Mediterranean food for takeout in the Long Beach area – Press Telegram

During the last nine months — shocking how long it’s been! — we’ve rediscovered the joys of takeout food.

Prior to March, takeout was simply a stopgap — an option for those nights when you didn’t feel like cooking, and didn’t feel like going out because, oh you know, the latest episode of “The Bachelorette” was on. And there are priorities, even in this age of pandemic and plague.

Thanks to the sundry delivery services, takeout is easier than ever to order. And frankly, it’s a great way — perhaps the only way at the moment — to help support your favorite eateries. It may not be a satisfying substitute, financially speaking, for the income generated by dining in. But until that returns, it’s the best any of us can do to keep the industry afloat — or at least treading water.

I recently offered my favorite options for takeout barbecue, Chinese food and fried chicken — every one of which offers great satisfaction. Now, let me include the cooking of the Mediterranean, which has served well as a grab-and-go chow for several centuries. Also, pizza — perhaps the most classic of takeout foods — along with sushi, which, like pretty much everything on my list, travels very well.

My favorite Mediterranean food for takeout

Ammatoli Mediterranean Bites

285 E. 3rd St., Long Beach; 562-435-0808,

Getting a rotisserie chicken is certainly one of the easiest ways of ordering at Ammatoli. You have a choice of a quarter white or a quarter dark, a half, a whole, or a family chicken feast of two birds. The first options come with a choice of two side dishes; the last comes with four, drawn from crowd-pleasers like the hummus and the spicy hummus, the tahini salad and (for a bit extra) the tabbouleh, the grape leaves, the baba ghanoush and more.

There’s a spicy, garlic, lemon chicken as well, half a bird with rice and two sides, which may actually be even better than the standard-issue rotisserie chicken, though that does strain credibility. Or at least the capacity of my taste buds. And in terms of the menu, that’s just the proverbial tip of the Middle Eastern iceberg. (I know: A bizarrely mixed metaphor!)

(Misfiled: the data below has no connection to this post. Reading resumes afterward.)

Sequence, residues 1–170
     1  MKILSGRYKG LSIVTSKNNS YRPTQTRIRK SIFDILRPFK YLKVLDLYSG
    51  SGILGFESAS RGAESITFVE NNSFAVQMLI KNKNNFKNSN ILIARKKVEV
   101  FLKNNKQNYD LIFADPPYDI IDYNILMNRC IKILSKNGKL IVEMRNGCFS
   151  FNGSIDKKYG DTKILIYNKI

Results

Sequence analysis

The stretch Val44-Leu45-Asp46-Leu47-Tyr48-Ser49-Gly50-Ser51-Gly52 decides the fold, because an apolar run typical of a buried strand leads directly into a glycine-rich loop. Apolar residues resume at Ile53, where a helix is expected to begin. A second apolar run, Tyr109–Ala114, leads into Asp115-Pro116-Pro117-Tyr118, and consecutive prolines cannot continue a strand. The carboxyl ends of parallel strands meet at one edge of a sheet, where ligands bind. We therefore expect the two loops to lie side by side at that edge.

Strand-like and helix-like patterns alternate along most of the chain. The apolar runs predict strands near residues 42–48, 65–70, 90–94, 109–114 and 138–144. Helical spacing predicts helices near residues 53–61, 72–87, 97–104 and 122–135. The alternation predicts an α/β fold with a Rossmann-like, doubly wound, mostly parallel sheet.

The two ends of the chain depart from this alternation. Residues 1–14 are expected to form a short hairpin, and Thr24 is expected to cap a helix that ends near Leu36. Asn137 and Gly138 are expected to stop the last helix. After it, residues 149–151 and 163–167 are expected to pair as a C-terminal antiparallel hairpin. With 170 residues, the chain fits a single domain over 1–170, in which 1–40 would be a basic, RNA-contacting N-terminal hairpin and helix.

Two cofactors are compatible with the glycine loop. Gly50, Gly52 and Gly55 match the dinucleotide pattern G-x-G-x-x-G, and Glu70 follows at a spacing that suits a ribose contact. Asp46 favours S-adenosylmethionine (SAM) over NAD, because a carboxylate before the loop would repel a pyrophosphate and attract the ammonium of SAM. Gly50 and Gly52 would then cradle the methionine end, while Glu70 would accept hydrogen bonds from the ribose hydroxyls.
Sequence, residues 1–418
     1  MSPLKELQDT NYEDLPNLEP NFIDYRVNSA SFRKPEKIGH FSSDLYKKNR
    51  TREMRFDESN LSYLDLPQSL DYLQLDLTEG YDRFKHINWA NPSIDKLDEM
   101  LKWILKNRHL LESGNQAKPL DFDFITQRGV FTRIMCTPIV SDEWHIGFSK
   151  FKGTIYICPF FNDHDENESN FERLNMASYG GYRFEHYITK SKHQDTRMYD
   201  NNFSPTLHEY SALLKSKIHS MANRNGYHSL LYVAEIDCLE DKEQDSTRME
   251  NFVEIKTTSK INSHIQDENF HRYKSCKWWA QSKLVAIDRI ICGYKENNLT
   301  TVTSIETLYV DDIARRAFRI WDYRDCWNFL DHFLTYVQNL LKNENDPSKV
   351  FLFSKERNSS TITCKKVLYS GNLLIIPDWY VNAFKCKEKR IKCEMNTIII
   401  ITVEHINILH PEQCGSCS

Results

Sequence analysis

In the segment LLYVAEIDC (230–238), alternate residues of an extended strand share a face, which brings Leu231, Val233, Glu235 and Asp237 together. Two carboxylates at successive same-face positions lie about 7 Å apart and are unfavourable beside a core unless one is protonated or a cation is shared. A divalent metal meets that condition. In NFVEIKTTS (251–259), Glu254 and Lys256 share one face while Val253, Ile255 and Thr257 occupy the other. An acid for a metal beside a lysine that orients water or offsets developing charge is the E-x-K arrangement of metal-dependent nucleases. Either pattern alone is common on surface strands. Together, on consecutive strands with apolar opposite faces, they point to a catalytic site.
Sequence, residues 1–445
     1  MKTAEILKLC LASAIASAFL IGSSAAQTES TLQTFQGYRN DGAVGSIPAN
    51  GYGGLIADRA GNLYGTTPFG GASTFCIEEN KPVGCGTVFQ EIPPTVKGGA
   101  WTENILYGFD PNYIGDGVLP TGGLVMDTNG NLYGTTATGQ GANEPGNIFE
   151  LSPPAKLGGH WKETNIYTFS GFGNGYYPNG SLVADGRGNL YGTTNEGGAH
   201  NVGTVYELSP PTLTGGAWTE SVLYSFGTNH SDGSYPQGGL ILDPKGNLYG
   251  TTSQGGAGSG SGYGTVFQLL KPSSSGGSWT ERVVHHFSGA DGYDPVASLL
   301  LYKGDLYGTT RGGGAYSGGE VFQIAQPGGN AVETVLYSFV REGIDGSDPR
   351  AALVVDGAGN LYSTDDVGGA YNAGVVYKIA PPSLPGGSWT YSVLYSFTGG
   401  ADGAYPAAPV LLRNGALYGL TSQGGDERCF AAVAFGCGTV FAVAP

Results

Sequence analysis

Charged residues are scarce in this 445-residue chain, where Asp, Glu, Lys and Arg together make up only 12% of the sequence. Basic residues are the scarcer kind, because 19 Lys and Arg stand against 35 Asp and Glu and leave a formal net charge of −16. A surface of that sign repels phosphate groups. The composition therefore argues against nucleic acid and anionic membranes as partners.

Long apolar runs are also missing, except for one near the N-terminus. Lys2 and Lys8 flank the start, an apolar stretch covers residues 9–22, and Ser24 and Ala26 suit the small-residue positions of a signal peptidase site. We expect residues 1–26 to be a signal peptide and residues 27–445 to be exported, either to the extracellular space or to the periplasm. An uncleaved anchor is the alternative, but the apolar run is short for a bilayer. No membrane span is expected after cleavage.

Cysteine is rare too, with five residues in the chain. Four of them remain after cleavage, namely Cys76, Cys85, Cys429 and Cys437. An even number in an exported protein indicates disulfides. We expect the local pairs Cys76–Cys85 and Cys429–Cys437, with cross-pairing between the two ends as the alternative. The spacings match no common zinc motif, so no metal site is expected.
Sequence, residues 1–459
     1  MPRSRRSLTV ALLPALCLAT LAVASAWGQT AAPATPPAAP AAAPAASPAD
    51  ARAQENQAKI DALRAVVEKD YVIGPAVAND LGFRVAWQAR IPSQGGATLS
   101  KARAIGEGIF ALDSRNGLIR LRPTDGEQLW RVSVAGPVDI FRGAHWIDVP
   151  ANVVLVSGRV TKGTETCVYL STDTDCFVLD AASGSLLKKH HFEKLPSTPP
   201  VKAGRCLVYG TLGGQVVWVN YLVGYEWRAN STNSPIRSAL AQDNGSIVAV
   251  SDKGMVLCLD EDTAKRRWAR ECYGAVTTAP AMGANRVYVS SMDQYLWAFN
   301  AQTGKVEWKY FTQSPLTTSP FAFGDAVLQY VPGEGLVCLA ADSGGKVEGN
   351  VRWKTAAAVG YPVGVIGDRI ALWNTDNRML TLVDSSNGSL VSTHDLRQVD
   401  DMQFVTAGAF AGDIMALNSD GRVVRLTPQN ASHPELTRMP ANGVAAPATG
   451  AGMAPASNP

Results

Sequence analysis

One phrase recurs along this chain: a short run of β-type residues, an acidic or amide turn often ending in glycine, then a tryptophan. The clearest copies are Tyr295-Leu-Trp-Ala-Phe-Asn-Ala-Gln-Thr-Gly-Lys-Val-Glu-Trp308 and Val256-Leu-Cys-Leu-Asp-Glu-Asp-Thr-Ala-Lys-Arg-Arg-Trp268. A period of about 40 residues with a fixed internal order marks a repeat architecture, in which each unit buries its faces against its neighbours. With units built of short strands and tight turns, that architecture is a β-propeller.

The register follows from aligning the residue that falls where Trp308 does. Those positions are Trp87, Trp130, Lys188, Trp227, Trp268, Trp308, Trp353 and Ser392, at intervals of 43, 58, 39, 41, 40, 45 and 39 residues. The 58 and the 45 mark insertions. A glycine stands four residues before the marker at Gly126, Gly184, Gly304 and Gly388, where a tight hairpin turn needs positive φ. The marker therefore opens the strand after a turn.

Indeed, Ammatoli approaches the encyclopedic in terms of its selection of dishes. One can, of course, as always, make a perfectly good meal out of nothing but the mezza — the small dishes — which come (if you want) as a six-dish combo, or a three-dish combo. A meal of hummus, tabbouleh, grape leaves, fried lamb kibbeh, falafel — what’s not to love?

I’m especially fond of the hummus variation, topped with a choice of meats and pine nuts — ground beef, shawarma beef or shawarma chicken. It doesn’t much matter to me, for they’re all good. And I love the way the innate creaminess of the hummus lays off the semi-soft crunch of the pine nuts, and the salty-crispiness of the meats, sort of a celebration on your tongue.

Also, the fried cauliflower, tossed with scallions and parsley makes cauliflower taste about as good as cauliflower can taste. But if you’re in the need of more, certainly the lamb, chicken, beef steak, and ground beef kabobs are a source of much happiness.

If you want to get away form the familiar, try the dish called samkeh harra, a grilled fish filet marinated in an unexpectedly spicy habanero pepper sauce. Habaneros? In the Middle East? Well, why not?

There’s a Moroccan spiced salmon as well, sweetly described on the menu as “Your True Hearty Choice!!” A true hearty odd turn of phrase, complete with double exclamation marks!!

Merrill Shindler is a Los Angeles-based freelance dining critic. Email [email protected]

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